Intelligent Animatter Organisms

Derek Holland

As I mentioned before ( ) animatter organisms are living creatures made of various materials. Even though I initially thought of them as potential monsters, that doesn’t mean they can’t be used as characters (player or non-player). Here are a few examples:

A canvaslife illusionist who hides herself as paintings or maps. She is a spy for an Xlife crime fighting group and provides distractions as needed. She was brought to life for this purpose and yet to find another of her kind, much less have offspring.

A woodlife druid is the descendant of oaken statues that were brought to life to “educate” woodcutters on which parts of the forest were off limits. The druid has migrated to a desert and sees after a simple animatter ecosystem, one that does not need water. He hopes to breed them to both increase their numbers and introduce the most useful to other arid regions. As he needs wood to survive, the druid uses a portal to go back to the forest where he was born as needed.

An ironlife paladin that fights the good fight against demons (who are vulnerable to iron in some editions). His ancestors include two that were created from iron meteorites and he keeps a sliver of them in his core, just like all of his relatives. The paladin is not humanoid, but rather looks like a combination of dog and bear. His ancestors include carpentry tools and some swords (the latter being the meteorite iron source).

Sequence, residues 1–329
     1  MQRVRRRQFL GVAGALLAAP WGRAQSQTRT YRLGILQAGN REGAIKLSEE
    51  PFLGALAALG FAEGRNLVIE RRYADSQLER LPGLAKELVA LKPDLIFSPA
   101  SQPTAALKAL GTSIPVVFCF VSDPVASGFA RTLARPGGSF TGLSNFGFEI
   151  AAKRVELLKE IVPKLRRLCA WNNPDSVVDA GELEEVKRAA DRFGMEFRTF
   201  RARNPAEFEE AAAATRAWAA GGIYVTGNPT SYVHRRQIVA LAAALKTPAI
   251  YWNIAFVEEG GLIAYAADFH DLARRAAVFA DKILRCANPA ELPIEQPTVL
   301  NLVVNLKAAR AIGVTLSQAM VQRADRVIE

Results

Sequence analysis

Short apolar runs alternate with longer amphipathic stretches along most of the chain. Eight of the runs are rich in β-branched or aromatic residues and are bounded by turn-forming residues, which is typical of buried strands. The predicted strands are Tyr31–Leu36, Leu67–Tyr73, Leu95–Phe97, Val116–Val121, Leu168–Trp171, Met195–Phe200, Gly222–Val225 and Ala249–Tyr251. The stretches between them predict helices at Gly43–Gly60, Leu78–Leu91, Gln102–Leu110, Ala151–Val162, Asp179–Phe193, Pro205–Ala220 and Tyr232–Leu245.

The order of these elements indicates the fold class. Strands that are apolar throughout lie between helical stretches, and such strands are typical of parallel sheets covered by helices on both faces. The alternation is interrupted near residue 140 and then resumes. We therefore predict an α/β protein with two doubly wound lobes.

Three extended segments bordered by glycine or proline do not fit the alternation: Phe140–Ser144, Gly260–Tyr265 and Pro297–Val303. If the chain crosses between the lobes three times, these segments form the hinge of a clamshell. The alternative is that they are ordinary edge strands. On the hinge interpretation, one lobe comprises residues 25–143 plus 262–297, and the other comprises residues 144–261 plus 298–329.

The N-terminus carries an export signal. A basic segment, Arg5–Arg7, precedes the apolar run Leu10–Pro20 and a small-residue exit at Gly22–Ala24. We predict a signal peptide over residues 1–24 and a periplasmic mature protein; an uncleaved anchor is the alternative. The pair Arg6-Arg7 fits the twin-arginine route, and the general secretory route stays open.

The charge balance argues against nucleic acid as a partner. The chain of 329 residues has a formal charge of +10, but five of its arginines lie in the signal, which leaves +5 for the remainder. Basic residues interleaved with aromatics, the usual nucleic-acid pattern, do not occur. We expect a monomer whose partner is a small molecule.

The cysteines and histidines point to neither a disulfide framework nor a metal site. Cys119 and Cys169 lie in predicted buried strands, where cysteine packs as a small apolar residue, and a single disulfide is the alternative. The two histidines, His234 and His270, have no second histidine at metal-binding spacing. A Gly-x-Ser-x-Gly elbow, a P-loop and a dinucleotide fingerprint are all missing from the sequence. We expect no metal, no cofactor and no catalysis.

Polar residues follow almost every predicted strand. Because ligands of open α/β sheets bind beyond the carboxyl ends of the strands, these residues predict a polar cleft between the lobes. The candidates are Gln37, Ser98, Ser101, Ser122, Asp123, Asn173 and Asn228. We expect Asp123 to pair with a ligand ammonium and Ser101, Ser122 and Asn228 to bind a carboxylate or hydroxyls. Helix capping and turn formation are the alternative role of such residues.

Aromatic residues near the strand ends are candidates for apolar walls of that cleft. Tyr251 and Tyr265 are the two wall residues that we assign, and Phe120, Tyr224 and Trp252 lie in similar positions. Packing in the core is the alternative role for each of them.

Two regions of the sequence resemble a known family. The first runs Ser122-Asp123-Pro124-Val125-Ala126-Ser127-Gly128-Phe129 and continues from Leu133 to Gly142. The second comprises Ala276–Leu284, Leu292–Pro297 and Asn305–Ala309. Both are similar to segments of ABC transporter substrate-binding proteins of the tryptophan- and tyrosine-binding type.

An iron/woodlife composite ranger that travels the seas searching for others of his kind. Her body is boat shaped and the metal core is protected from the corrosive effects seawater by a kelp/driftwood exterior. She is old and near death from age and just wants to find others of her own kind, if they exist. She pays well for information and keeps a Portable Hole with gems and gold if she thinks someone is legitimate. Cross her and find out how well a holed hull does over deep waters.

A glasslife demonologist is descended from crystal goblets used by necromancers several centuries ago. He looks like a glass cauldron with arms and legs, usually with blood spatters. He uses sand not only as food, but as a source for blood glass, a material that can be used as host bodies by possessing demons. These blood glass bodies are weaker than the creatures’ summoned form, which suits the demonologist just fine. What he wants is simple- a very long lifespan- and he has sent many creatures, including other Xlife beings, into the pit to earn it.

A clocklife psion that specializes in kinetic powers is treated as the black gear of the family. As a descendant of pocket watches, she is more complex than the usual animatter creature. She is humanoid, the size of a halfling but has several pairs of arms, each specialized for a task.  An up and coming dungeon explorer, the psion hopes to find others to help her survive in the depths.

A clocklife enchanter, a cousin of the psion, is an even more outcast. He looks like a metallic spider and captures giant arthropods to act as his host bodies. What he wants confuses his family as they usually don’t care that much for biological creatures- peace between humanoids and intelligent terrestrial arthropods. They think he has been influenced by aranea spirits, which could be true. For those wanting to see potential forms for him and his hosts, image search Chris Conte steampunk and Mike Libby insect with the caveat that there are some real spiders in the latter images.